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Uh-Ohtani and the Brewers? 4 Impressions From Spring Training

Spring…spring is in the air.

Much like a particular Barry Bonds home run ball, anything from Spring Training needs to be stamped with a big ol’ asterisk. Veterans work on what they need to work on but mostly take it easy to avoid injury, minor leaguers accept offensive line numbers and try to prove their worth, and it’s simply not a solid indicator of what will happen in the regular season. That being said, there are certainly things that can and should be taken seriously, particularly as the Spring comes to a close and teams get ready to play games that actually matter. Here are 4 impressions from this year’s Spring Training:

 

  1. Ohtani might be better off in the minors for a bit

One of the biggest storylines this offseason, apart from how sloooowww it was, was the signing of Japanese two-way player Shohei Ohtani. With a 100-mph fastball and a Bryce Harper type of swing (and power), Ohtani was expected to come in and revolutionize the game. He’s shown good power in batting practice, but so has Seahawks quarterback and Yankees camp invitee Russell Wilson. All around, Ohtani has been awful. From the plate, for starters, he’s batting .107 with 28 official at-bats, with nine strikeouts.

On the mound, Ohtani has been all-or-nothing. In just a few starts, he has recorded nearly equal amounts of strikeouts and runs allowed. The sample size makes it simply unfair to judge him so far, but his game against the Tijuana Toros, in which he allowed six runs in three innings of work. His teammates have argued that playing in the regular season with the fans present and the adrenaline pumping results in different results, but from what they’ve seen, it’s tough to believe the Angels brass would be confident putting Ohtani on the mound every six games.

It’s been said that Nippon Professional Baseball is somewhere between AAA and MLB in terms of difficulty, perhaps Ohtani needs some time at the AAA level before being weened onto MLB-level play.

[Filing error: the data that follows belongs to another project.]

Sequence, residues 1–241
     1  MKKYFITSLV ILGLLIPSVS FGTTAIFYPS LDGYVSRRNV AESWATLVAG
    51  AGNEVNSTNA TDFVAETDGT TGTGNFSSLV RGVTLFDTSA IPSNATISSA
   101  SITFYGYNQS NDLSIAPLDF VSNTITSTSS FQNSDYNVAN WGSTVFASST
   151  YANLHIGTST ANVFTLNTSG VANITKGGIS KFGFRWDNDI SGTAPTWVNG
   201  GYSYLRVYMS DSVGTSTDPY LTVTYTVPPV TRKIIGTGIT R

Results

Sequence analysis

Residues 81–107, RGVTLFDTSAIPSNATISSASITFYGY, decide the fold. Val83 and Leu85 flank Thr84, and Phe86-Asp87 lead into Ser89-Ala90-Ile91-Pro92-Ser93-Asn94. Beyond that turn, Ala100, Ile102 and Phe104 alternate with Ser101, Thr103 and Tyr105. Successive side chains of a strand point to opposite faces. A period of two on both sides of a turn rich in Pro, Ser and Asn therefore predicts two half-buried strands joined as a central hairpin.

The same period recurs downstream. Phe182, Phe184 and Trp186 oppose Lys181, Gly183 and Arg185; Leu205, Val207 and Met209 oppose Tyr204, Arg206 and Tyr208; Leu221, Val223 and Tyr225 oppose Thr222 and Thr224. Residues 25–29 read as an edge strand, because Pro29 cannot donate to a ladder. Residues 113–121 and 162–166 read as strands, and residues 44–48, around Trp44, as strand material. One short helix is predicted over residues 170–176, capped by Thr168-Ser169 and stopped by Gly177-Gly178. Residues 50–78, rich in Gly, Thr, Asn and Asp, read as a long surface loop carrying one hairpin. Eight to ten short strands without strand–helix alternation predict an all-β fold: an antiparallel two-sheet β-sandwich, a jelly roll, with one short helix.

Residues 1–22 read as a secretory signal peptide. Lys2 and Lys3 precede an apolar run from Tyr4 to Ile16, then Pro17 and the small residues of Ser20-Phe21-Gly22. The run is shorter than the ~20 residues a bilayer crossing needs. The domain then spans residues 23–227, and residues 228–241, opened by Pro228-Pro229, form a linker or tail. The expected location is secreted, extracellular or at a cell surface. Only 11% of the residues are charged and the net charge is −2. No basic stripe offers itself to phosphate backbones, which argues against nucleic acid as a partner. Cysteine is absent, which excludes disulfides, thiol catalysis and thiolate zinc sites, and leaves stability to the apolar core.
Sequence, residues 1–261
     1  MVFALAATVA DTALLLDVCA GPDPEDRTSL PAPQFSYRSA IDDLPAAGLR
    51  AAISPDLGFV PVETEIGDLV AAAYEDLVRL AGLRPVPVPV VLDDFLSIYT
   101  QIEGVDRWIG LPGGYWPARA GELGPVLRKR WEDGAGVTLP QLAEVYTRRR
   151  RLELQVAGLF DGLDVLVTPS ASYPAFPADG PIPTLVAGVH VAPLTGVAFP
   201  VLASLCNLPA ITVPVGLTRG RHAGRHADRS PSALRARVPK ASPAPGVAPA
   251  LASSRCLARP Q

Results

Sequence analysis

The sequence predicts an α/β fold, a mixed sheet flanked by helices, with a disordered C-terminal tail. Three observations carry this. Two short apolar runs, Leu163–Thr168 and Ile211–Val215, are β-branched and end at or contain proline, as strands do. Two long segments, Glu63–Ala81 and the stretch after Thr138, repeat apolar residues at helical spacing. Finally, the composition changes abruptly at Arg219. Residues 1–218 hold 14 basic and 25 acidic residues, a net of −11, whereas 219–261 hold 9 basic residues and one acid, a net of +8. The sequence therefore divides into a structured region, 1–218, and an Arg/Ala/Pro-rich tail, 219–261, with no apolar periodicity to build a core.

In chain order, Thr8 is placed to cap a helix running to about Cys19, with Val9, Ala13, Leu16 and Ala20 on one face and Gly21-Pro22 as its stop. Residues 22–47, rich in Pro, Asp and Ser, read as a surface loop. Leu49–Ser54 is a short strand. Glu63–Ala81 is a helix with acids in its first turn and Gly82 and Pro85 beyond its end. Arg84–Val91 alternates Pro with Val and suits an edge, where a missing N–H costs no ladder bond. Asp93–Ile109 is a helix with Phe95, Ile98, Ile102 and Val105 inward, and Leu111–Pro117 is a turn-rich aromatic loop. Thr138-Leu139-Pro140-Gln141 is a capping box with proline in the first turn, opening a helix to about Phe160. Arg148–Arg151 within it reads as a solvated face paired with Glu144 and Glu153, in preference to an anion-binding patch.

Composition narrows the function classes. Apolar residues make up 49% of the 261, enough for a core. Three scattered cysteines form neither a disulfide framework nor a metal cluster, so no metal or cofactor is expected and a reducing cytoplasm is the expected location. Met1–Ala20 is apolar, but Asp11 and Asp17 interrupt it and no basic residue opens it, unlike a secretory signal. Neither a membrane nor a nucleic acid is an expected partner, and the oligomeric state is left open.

2. The Mets apparently don’t see any issues in Queens

If you’re familiar with NBC’s former comedy Parks and Recreation, you’ll recall an episode in which Ben Wyatt, recently unemployed, tries making a claymation movie. He works for several days only to realize he only has about three seconds of film done. That’s about how things are about to go down with the New York Mets. It’s very clear from the press that they’re stoked out of their minds that all five pitchers in their “Dream Rotation” are healthy. It’s tough to blame them; having Noah SyndergaardJacob deGromMatt HarveySteven Matz, and Zack Wheeler all ship shape and ready to go is exciting. The problem is: everything else. Their offense consists of Yoenis Cespedes and newly acquired Todd Frazier and that ‘s it.  They have some great prospects in the minors and Michael Conforto on the mend, but this season is looking painful already in Queens.

Everyone’s thinking it, ship off a piece of the dream rotation and get some offense. Please.

3. Milwaukee looking as good as their offseason would advertise

After signing Lorenzo Cain and Christian Yelich, among other moves, things were looking up in Milwaukee. The Brewers currently hold the best record in the Cactus League. This is certainly on the heels of their offense, which will continue to be the featured product in beer-and-cheese-and-obesity town. Their issue, unlike the Mets, is on the mound. Their starters have struggled already this Spring, apart from Junior Guerra, who’s posting a 3.15 ERA with a 1.55 WHIP over 20 innings. Other than that, their starting pitchers are giving up a lot of runs and relying mostly on the bullpen. It’s working right now with mostly minor leaguers on the field, but time will tell if they can sustain any sort of success in the regular season.

4. The drama stops when play starts

I consider myself a baseball fan first. I love the NBA, football is great, but the drama in the other sports is simply annoying at times. When you have gaps between games like the other leagues, drama spikes. With baseball, on the other hand, 162 games leads to a lot of superstition and fatigue, but little to no drama. Reports made the slow offseason look like the apocalypse and spoke of strikes and unrest in the Player’s Union. In the end, guys got signed, the game goes on, and the crack of the bat drowns out the desperate reporter’s attempts at a good story. Gotta love it.

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